If anyone out there knows anything about Barbara Naftali Meyers, please drop me a line.
I found what I think is her one and only book in the poetry section of a rare and used book store in downtown Tampa three days after Christmas. I had really just walked in to browse, and I almost never buy poetry anthologies, but (at the risk of sounding dramatic or pretentious, and I’ll go ahead and allow you an eye-roll) I felt an immediate connection to Bearing the Hunger Whole.
There was a time in my life when I dissected verses and pored over song lyrics and just really, really cared about poetry. I still find myself moved every now and then by a poem, but most of the time I’ll crack open an anthology and the writing will feel more removed. Not because the work is inaccessible, but because I’m out of touch. Like I haven’t worked those muscles in a while and I’m remarkably out of shape.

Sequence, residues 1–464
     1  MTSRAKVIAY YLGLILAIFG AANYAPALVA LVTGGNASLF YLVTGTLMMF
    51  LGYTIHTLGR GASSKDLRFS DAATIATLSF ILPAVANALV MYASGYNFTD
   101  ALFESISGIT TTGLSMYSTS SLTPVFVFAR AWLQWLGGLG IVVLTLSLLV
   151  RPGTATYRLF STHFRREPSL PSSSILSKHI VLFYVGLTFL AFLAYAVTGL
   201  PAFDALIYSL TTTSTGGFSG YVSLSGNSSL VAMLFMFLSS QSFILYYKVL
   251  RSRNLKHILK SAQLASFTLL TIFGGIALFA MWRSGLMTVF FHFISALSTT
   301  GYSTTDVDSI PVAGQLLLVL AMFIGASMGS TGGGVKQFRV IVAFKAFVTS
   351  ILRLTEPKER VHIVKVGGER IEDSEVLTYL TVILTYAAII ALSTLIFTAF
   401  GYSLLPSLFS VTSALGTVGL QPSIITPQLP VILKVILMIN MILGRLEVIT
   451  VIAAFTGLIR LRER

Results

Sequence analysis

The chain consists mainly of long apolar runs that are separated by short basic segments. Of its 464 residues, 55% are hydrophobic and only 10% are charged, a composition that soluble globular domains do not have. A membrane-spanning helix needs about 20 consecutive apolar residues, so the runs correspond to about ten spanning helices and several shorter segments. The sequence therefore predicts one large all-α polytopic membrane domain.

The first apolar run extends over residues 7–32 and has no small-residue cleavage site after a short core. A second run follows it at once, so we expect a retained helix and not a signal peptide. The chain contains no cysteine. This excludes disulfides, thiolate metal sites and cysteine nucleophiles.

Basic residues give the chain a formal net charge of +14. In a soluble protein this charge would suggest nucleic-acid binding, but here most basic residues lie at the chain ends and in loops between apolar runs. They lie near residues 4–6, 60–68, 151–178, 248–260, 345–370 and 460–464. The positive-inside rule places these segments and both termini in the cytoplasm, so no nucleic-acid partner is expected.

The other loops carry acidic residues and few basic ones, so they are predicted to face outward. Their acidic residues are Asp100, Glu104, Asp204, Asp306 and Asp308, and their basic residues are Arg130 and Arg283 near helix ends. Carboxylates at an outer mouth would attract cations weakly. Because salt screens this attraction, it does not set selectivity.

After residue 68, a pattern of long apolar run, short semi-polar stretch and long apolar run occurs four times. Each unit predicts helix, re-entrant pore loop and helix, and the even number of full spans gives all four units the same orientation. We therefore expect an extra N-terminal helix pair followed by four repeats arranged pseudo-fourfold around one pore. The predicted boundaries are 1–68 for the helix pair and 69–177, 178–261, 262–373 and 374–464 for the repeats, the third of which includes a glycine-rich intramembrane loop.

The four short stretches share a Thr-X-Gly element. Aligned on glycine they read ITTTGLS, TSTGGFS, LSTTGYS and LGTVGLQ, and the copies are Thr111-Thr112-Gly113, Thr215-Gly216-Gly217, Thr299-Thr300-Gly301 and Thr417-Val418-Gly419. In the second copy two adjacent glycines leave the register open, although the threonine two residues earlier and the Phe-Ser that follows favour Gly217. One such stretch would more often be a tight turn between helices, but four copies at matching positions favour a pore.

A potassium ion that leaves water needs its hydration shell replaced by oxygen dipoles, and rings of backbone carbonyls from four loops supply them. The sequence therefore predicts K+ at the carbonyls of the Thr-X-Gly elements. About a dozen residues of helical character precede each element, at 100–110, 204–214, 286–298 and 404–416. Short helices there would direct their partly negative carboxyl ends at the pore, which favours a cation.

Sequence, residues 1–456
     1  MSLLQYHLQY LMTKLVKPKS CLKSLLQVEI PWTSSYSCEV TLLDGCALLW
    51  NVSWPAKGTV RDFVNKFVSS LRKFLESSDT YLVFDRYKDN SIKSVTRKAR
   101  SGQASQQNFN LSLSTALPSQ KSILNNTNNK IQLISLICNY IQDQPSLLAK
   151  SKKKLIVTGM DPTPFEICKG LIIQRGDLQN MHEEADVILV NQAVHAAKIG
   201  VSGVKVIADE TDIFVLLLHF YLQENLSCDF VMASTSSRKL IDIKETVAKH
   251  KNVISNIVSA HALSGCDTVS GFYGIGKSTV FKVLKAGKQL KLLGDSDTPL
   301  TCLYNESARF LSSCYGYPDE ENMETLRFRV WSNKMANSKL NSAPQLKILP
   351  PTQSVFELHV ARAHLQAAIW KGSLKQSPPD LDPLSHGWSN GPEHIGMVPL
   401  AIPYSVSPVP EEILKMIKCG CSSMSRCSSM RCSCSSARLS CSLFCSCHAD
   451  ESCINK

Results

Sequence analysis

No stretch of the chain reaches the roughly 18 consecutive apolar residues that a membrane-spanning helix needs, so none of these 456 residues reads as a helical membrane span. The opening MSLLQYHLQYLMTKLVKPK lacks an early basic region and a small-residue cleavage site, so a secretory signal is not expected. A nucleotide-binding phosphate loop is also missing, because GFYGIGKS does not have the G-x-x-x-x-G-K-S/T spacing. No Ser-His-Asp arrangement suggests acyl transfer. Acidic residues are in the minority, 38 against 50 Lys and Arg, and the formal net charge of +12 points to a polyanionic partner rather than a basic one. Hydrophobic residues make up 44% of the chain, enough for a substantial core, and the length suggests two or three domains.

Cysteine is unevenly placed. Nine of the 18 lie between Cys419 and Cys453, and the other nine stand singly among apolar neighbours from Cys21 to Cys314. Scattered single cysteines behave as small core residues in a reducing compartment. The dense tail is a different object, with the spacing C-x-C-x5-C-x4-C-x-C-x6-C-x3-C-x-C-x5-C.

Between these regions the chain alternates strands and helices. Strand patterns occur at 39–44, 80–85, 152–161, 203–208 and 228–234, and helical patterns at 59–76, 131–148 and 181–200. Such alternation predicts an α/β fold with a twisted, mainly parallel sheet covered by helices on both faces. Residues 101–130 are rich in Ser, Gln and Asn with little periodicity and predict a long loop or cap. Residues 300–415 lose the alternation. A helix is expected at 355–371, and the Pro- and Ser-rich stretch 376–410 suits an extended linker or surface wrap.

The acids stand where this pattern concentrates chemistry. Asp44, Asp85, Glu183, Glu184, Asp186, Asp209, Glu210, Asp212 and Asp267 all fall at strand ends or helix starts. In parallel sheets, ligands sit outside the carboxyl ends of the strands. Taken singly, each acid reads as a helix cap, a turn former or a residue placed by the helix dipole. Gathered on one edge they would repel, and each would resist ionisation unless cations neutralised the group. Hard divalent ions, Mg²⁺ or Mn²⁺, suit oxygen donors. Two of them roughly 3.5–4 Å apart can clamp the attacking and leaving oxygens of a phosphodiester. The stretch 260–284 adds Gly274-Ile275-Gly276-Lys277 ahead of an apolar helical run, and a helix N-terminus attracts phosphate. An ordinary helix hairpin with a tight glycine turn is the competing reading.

But then I flipped to this page and it felt like Meyers was speaking to me directly with these two poems.
I’ve talked a lot about the importance of giving oneself permission to be bad in writing (and Zumba). First drafts are bad. But, we need them. We have to embrace them and accept them for what they are. We need them to get to the less crappy second draft, the better third draft, the nearly final eighth draft… We need to show them to the people we trust so we can receive honest and helpful feedback. Crappy first drafts – pass them out like bread!
And “See Black.” I feel like there’s so much here. But what rises to the surface is clear instruction to be honest and present and to recognize the role you play in the universe.
Of course, all poetry is up for interpretation and we human beings will see and hear the messages we want and need to receive at any given time. Perhaps Meyers had other themes in mind. Maybe she’s not my soul sister in verse.
Based on my internet research findings, Bearing the Hunger Whole is Meyers’s only published book of poems. I can’t find any articles or poetry sites that reference her or her work. And according to the half-page bio on the last page, she died in 1982, long before the age author blogs and twitter accounts. It’s feels strange (and a little unfair) that all I’ll ever know about this author starts and ends with one book.
So, my question remains: Anyone know anything about the life and work of Barbara Naftali Meyers?
If not, Did you ever pick up a book and feel an immediate connection?